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Sherry Glied On Mental Health And Mandates



May 26th, 2010

The Senate Finance Committee is scheduled to vote today on the nomination of Sherry Glied to be the Assistant Secretary for Planning and Evaluation at the Department of Health and Human Services. The President nominated Glied, a professor and chair of the department of Health Policy and Management at Columbia University’s Mailman School of Public Health, on May 21, 2009. Glied served as a senior economist for healthcare and labor market policy to the President’s Council of Economic Advisers under both President George H.W. Bush and President Clinton. She was a participant in President Clinton’s Health Care Task Force and headed working groups on global budgets and the economic impacts of Clinton’s reform plan.

The Well-Being Of People With Mental Illness. Glied coauthored the lead article in Health Affairs’ May/June 2009 thematic issue on mental health. She and Richard Frank found that the well-being of people with mental illnesses had improved in important ways during the period from 1950 to 1996, and that many of these gains were sustained during the decade from 1996 to 2006:

The burden of out-of-pocket costs for people with mental disorders either remained constant or declined. Providers’ willingness to serve insured people expanded. Quality of care for major mental disorders continued to improve, especially in the area of pharmacotherapy, but it was uneven and sluggish in other areas of treatment. Finally, despite pressures on the availability of low-income housing, homelessness has remained steady in recent years, and the relative incomes of people with mental illnesses show marginal improvement.

However, Glied and Frank also noted some disturbing trends, particularly for those who were seriously mentally ill.For adults impaired by a mental illness, rates of treatment remained essentially constant through 2006; for the elderly, they actually declined,” they reported. In a discussion with relevance for the current debate over the legitimacy of nonquantitative restrictions to care under mental health parity regulations, the authors wrote:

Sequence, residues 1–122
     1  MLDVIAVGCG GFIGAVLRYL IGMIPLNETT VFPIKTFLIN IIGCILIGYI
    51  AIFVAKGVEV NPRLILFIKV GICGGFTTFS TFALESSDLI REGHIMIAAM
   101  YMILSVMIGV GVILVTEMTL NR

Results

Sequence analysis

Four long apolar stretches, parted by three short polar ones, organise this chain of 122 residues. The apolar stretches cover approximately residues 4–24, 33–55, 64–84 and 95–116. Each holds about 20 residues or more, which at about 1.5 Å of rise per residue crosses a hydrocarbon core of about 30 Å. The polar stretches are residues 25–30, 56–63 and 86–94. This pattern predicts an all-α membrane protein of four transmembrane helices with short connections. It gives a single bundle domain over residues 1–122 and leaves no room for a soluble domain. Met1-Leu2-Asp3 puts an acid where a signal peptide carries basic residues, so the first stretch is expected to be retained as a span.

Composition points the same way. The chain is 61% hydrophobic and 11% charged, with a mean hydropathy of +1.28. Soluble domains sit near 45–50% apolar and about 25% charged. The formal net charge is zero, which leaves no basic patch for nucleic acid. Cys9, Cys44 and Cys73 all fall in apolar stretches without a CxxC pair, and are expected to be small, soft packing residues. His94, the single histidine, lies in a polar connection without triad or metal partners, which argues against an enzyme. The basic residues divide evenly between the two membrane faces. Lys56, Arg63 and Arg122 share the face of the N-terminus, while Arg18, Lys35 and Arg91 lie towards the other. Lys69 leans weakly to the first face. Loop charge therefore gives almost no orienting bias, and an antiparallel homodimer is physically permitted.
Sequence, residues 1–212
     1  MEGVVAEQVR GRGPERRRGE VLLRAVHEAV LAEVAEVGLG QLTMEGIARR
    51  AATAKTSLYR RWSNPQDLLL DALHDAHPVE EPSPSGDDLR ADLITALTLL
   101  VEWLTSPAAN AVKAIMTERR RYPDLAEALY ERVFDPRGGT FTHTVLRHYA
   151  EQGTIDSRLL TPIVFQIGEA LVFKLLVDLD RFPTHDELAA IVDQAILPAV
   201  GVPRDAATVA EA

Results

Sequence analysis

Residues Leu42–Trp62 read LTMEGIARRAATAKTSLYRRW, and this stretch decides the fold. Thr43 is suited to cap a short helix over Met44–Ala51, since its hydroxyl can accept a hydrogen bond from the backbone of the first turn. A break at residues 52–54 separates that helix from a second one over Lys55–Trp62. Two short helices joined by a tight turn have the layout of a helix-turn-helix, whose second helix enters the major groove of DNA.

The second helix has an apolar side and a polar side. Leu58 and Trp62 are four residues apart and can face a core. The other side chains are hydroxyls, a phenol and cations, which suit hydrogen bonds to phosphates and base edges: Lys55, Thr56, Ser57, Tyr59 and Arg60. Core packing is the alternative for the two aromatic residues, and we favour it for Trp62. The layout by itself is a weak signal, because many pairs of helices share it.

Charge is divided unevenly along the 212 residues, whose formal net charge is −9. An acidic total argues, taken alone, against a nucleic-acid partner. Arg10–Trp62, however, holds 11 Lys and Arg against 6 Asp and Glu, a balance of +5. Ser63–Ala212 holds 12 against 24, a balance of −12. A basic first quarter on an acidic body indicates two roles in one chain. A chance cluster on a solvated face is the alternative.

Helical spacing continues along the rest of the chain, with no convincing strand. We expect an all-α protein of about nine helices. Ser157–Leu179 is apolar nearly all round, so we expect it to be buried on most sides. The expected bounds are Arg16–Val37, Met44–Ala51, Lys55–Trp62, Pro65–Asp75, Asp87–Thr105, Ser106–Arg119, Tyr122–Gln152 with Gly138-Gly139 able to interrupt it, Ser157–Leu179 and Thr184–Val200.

The beneficial effects of continued growth in managed behavioral health care, which facilitated access to care for people with less serious illnesses, may simply have bypassed this group. Alternatively, the expansion of managed care may have diverted resources from those with serious illnesses toward the less seriously ill.

Glied and Frank also pointed to rising psychiatric hospitalization rates since 2000 for children and adults, “which may reflect either a lack of community care or a return to a more balanced mix of treatment modalities.” They said the most disturbing trend has been growing incarceration of people with serious mental illnesses. At a release event for the issue May/June issue, Glied labeled incarceration “a real black hole in our assessment of the well-being of people with mental illness. Our current estimate is that about 7 percent of the population with serious and persistent mental illness is in jail or prison, and that’s a pretty terrible statistic.”

Evaluating Mandates. In the November/December 2007 issue of Health Affairs, Glied coauthored an article that was influential in the debate over whether to include an individual mandate in health reform legislation. In “Consider It Done? The Likely Efficacy of Mandates for Health Insurance,” Glied, Jacob Hartz, and Genessa Giorgi surveyed compliance with health insurance individual mandates in the Netherlands, Switzerland, and Hawaii, as well as compliance with mandates in other areas ranging from automobile insurance to child support. They found that “high-compliance situations share several features: Compliance is easy and relatively inexpensive; penalties for noncompliance are stiff but not excessive; and enforcement is routine, appropriately timed, and frequent.”

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